Saturday, May 19, 2018

Hollywood Flashback: How Hedy Lamarr Helped Invent Wi-Fi



9:00 AM PDT 5/18/2018 
by Bill Higgins



Everett Collection
Lamarr starred in 1941's 'Ziegfeld Girl.'



Joining forces with composer George Antheil, the actress helped patent a device that made radio frequencies jump around — technology used today in GPS and Wi-Fi — though "she didn't make a dime off it," says director Alexandra Dean, whose 'Bombshell: The Hedy Lamarr Story' airs Friday on PBS.

History and Hollywood conspired to make Hedy Lamarr’s life a bit too interesting. She was born Hedwig Eva Maria Kiesler to Viennese Jewish parents in 1913. She became internationally famous as the nude actress in the 1933 Czech film Ecstasy and wed the third-richest man in Austria, a fascist arms maker 30 years her senior (Mussolini once came to dinner). She eventually fled her husband and sailed from England to America on a ship with MGM’s Louis B. Mayer, who gave her a seven-year, $500-a-week contract ($8,600 today) along with a new glam name and the title the Most Beautiful Woman in the World.

Within a year of arriving in Culver City — and still just 24 — Lamarr made Algiers in 1938 with Charles Boyer. THR said “she had more sex, more rare beauty than the screen has seen for many days” and predicted she was “destined to reach great heights if given the proper material.” That didn’t happen, but other successes did.

Most curious is that she and composer George Antheil patented a device that made radio frequencies jump around — technology used today in GPS and Wi-Fi.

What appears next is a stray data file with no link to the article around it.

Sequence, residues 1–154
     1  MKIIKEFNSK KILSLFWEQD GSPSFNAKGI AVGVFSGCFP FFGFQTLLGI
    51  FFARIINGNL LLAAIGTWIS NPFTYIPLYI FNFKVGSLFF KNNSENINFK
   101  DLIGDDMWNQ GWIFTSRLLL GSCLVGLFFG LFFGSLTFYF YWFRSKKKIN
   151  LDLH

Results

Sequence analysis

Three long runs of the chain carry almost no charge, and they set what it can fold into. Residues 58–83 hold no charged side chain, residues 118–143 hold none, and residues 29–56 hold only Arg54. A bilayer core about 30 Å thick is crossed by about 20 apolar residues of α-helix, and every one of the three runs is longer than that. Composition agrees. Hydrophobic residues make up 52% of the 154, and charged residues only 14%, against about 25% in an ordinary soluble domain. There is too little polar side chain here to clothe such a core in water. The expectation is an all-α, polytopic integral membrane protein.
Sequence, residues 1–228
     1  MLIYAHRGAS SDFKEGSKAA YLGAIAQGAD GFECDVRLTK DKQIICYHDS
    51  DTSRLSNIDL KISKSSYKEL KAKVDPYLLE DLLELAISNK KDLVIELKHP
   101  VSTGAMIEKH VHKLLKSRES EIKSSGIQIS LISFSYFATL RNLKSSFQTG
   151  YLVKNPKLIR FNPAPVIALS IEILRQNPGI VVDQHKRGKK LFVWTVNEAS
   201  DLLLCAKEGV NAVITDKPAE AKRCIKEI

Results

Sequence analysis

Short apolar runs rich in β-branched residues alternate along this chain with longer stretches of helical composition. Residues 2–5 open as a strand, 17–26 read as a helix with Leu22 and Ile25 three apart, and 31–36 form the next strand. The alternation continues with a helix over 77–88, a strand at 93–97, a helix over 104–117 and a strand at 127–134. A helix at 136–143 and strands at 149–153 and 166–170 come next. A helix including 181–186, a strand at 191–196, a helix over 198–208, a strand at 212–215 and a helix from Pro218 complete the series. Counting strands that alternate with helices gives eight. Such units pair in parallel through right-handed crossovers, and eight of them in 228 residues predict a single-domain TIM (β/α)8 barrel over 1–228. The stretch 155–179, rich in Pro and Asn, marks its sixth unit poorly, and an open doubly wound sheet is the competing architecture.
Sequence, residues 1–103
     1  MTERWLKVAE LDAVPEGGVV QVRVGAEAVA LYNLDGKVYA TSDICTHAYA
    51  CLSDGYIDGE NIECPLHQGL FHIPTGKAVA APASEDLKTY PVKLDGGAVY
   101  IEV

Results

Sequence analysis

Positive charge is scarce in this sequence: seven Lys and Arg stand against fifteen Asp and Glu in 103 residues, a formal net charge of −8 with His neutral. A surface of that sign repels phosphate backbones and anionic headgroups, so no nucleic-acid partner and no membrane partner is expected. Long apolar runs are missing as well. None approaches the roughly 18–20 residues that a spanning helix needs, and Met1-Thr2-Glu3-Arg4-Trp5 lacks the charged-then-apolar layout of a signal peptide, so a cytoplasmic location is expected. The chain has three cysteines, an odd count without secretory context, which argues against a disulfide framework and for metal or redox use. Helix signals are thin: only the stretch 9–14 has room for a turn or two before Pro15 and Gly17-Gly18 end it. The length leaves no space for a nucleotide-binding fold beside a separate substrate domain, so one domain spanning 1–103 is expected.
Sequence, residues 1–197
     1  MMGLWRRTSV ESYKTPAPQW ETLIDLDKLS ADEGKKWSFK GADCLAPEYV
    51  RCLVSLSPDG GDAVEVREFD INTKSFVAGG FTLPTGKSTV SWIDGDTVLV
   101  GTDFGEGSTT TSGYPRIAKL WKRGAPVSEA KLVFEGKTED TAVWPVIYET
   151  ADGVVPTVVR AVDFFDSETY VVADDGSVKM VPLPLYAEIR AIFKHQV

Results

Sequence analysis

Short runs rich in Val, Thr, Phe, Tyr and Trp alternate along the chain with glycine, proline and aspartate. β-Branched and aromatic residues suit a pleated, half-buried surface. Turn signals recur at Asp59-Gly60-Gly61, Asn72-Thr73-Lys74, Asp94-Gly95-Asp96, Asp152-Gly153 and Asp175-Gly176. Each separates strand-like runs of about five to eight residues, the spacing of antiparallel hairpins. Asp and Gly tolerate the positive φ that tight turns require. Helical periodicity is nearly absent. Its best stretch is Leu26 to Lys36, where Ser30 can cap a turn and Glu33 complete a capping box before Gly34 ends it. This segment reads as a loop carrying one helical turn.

“Unfortunately, she didn’t make a dime off it,” says Alexandra Dean, director of Bombshell: The Hedy Lamarr Story, which airs May 18 on PBS.

Lamarr’s last good film was 1949’s Samson and Delilah (“The wine of parting is bitter, Samson,” is one of her lines). She married five more times; sued Mel Brooks for naming the Harvey Korman character in Blazing Saddles Hedley Lamarr (“She did it for the money, she was broke,” says Dean. “And Mel loved her, so he paid her”); and had her last big splash in the press when she was arrested in 1966 for shoplifting $86 in merchandise from May Co. department store (soon to be the Academy museum).

She died in 2000 at age 85; her ashes were spread in Austria’s Vienna Woods, per her wishes.

This story first appeared in the May 16 issue of The Hollywood Reporter magazine. To receive the magazine, click here to subscribe.






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